Frequently Asked Questions for Camas Junior Baseball
What are the major differences between other youth baseball leagues and Junior
The primary difference is that JUNIOR BASEBALL
is an advanced skills league playinig by amended high school rules, as opposed to most of the other youth league rules. Probably
one of the most prominent rule differences is about base stealing. In the other traditional leagues, a player cannot steal
a base on a pitched ball until the ball crosses home plate. In JUNIOR BASEBALL a player may take a lead off the base and steal
at any time during the pitch. As the kids get older and more experienced, the "base stealing" rule makes for some
very exciting baseball. The rule also teaches the kids smart base running techniques. They will need the techniques if they
continue playing baseball as they get older. Possibly the best thing about JUNIOR BASEBALL is that when it comes to playoff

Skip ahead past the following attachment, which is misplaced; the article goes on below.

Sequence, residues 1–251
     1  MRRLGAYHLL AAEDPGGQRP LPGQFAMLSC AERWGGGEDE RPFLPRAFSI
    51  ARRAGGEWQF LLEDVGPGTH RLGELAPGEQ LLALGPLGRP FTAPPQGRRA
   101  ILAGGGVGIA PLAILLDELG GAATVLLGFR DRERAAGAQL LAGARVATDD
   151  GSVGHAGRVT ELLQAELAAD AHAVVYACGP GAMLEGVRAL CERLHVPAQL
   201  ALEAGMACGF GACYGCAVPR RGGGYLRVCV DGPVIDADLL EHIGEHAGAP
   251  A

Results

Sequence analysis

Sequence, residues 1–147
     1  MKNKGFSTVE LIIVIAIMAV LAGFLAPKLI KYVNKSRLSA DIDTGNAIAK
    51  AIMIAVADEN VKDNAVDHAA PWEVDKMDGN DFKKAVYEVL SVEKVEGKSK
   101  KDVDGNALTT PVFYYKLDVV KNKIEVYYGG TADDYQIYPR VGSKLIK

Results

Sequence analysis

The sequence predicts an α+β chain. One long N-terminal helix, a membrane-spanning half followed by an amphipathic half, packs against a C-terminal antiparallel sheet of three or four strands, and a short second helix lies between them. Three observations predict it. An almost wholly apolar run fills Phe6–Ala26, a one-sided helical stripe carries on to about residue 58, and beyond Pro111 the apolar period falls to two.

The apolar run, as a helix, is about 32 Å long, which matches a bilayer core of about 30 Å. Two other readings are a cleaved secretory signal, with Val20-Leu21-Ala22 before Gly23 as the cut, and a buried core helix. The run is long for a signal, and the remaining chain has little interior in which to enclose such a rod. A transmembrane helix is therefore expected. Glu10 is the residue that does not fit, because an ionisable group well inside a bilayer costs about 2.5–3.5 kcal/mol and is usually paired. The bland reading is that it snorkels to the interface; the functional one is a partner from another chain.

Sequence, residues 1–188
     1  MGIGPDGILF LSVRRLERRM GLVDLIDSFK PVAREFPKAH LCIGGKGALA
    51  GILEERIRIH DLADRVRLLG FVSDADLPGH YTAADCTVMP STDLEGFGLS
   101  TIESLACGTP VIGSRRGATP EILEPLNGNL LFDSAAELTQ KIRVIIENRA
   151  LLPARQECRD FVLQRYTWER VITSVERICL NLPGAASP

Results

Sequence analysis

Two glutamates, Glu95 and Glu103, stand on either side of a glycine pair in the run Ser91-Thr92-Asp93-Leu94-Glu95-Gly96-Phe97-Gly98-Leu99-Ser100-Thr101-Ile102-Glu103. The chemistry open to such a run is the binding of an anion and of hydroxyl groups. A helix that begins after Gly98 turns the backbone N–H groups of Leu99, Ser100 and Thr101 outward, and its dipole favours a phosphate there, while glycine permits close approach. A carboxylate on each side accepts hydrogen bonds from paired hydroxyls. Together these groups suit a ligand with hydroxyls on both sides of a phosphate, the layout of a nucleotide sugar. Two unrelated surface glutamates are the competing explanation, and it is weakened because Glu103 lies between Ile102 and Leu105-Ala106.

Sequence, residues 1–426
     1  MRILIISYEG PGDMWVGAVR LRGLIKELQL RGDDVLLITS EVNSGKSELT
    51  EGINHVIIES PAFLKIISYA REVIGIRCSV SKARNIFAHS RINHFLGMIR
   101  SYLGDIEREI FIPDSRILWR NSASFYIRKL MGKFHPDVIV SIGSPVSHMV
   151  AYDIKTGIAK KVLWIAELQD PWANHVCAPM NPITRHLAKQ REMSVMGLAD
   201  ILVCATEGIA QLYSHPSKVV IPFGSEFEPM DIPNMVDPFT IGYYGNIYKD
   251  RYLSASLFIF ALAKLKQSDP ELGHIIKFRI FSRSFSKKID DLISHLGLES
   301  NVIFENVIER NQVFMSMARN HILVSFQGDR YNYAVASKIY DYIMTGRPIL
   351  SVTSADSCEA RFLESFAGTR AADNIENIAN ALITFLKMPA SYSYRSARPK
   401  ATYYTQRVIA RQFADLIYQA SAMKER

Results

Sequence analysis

time, a team goes as a unit. No "all-star" team is created. Another major difference is the size of the field. In
other youth leagues, the field size remains the same through the age of 12 (46' pitching and 60' bases). In JUNIOR
BASEBALL the field size grows as the kids grow. 8-10 years olds play on a field with 45' pitching and 60' bases. 11-12
year olds play on a field with 50' pitching and 70' bases. Thus, pitching does not dominate JUNIOR BASEBALL because
of the mound distance.
I like the principles of Junior
Baseball. How should my community evaluate whether a switch to Junior Baseball would be beneficial to our children?
Any successful move to JUNIOR BASEBALL from Little League or Babe Ruth always occurs
because of strong local support. If people are hesitant (and they probably will be since change is always difficult) suggest
that the area put together an independent Federal level team (probably Midget or Junior Federal) to participate in JUNIOR
BASEBALL invitational tournaments. In these tournaments, they will get to see how high school baseball is played, and will